Nevertheless precarious stands of tupelo, and pond cypress still dominated the landbridge. Buttonbush and arrow arum covered the understory of the swamp. Bulltongue, groundsel bush, and marsh elder defined the intermediate marsh. Dwarf palmetto joined the groudsel bush and the marsh elder in the scrub-shrub habitat. Maidencane and cut grass dominated the fresh marsh. The various environments offered habitat to a variety of creatures. Largemouth bass and catfish preferred freshwater while red fish, speckled trout, and blue crab preferred saltier water. Sea birds fed in the lake, shore birds stalked its edge, raptors perched in its trees. Migrating songbirds dropped down into the forest in the spring for a rest. Alligators nosed through the marshes.


Lake Pontchartrain Shoreline, Manchac Landbridge at Frenier

Lake Pontchartrain Shoreline, Manchac Landbridge at Frenier

While the trees were in big trouble, ironically the marshes bordering the lake were not. Periodic releases of freshwater, sediment, nutrients from the Bonnet Carre spillway for flood control, at the southern end of the landbridge, have nourished the marshes over time. The Louisiana Department of Natural Resources has proposed formalizing Bonnet Carre releases for conservation when the Mississippi is running high and its water cool enough to prevent algae blooms in Lake Pontchartrain and freshwater could be directed into the Manchac wetlands through the Old Hammond Highway borrow pit. The Frenier Wetlands would benefit.

Closing MRGO to deep-draft ships at the Bayou la Loutre Ridge and constructing a sill in MRGO to halt saltwater intrusion would enhance all the wetlands surrounding Lake Pontchartrain.

    Kniffen, Fred B., “Bayou Manchac: A Physiographic Interpretation,” Geographical Review, Vol. 25, No, 3, July 1935, 462; Iberville, 81-84; Lake Pontchartrain Basin Foundation, Comprehensive Habitat Management Plan for the Lake Pontchartrain Basin, February 28, 2006, 35-36, 47, 52-53, http://www.saveourlake.org/pdfs/JL/CHMP_final_%2022706.pdf; McInnis, Nelwyn, and Bryan Rogers, ‘Priority Conservation Areas in the Lake Pontchartrain Estuary Zone,” The Nature Conservancy, http://www.nature.org/wherewework/northamerica/states/louisiana/files/estuary_zone_final_s.pdf; Coast 2050:  Toward a Sustainable Coastal Louisiana, The Appendices, Appendix C-Region 1 Supplemental Information, “West Manchac Landbridge,” “East Manchac Landbridge,” Baton Rouge, Louisiana Department of Natural Resources, 1999, 15, 17-19, http://coast2050.gov/reports/app_c.pdf ; The Nature Conservancy, Conservation Area Plan for the Lake Pontchartrain Estuary, Covington, Louisiana: The Nature Conservancy, Northshore Field Office, January 2004, 20-21.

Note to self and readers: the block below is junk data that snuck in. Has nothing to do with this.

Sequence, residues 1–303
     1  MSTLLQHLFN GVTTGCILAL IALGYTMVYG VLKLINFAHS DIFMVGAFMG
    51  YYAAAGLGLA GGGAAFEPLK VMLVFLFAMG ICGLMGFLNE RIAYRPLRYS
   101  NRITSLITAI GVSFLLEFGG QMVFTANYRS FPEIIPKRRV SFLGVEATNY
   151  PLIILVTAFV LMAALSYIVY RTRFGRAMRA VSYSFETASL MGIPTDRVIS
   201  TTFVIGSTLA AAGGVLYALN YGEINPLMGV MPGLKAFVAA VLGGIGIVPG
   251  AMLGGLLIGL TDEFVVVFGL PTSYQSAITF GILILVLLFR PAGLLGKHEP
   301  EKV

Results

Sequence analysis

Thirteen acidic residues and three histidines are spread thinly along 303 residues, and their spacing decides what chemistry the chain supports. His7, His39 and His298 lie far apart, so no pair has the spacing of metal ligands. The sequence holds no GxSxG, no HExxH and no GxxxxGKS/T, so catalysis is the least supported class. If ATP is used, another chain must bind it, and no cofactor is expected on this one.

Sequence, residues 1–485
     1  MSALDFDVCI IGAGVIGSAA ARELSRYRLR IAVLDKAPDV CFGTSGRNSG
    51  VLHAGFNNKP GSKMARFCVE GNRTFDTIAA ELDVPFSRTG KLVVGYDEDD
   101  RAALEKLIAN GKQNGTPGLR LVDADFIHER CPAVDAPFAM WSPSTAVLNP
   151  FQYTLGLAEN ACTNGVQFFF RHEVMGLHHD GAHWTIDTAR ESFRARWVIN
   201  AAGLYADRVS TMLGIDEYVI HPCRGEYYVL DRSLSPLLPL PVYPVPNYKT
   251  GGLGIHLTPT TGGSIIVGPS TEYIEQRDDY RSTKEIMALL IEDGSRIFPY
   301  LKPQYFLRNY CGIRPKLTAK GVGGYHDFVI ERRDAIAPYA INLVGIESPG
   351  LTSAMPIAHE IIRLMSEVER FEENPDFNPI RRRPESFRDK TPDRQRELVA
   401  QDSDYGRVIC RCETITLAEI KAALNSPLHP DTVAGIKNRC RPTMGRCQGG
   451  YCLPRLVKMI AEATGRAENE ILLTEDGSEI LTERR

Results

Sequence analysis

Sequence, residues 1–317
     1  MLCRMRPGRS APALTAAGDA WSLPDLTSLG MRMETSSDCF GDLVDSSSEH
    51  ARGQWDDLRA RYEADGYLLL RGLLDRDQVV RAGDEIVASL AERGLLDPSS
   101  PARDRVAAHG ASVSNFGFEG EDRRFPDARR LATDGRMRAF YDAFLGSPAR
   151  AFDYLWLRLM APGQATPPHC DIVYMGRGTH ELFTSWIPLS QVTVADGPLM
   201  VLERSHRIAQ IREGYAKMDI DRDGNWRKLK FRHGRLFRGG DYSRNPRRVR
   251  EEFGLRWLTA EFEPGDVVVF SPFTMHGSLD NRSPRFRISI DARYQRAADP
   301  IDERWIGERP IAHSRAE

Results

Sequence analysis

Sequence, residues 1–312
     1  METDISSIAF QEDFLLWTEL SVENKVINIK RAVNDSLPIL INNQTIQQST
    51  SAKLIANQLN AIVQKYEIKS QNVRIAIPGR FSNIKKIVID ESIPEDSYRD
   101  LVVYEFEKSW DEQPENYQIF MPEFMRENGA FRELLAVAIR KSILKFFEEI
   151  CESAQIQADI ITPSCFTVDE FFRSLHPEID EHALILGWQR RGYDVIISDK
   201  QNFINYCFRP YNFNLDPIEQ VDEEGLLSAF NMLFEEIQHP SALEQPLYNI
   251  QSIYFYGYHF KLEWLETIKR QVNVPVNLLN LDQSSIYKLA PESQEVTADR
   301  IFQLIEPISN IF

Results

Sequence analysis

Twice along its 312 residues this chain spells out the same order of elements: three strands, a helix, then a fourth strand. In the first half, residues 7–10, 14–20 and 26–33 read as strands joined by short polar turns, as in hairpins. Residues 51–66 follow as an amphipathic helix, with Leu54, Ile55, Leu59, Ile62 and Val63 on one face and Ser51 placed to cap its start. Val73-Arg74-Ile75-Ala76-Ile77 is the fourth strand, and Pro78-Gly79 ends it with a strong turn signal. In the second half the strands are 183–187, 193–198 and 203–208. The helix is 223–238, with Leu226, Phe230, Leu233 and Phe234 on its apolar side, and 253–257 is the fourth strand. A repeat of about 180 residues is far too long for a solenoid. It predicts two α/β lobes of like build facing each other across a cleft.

4 Responses

  1. Nice article. Haven’t been to Manchac in a while.

  2. Thanks, Quinta

  3. Quinta,

    Great information and photos. You make reference to the Old Hammond Highway borrow pit. I would like to find out more about the Old Hammond Highway and its history. Is the roadbed still there? Do you have any historical information or photos? Thanks.

Leave a Reply

Fill in your details below or click an icon to log in:

WordPress.com Logo

You are commenting using your WordPress.com account. Log Out / Change )

Twitter picture

You are commenting using your Twitter account. Log Out / Change )

Facebook photo

You are commenting using your Facebook account. Log Out / Change )

Google+ photo

You are commenting using your Google+ account. Log Out / Change )

Connecting to %s

%d bloggers like this: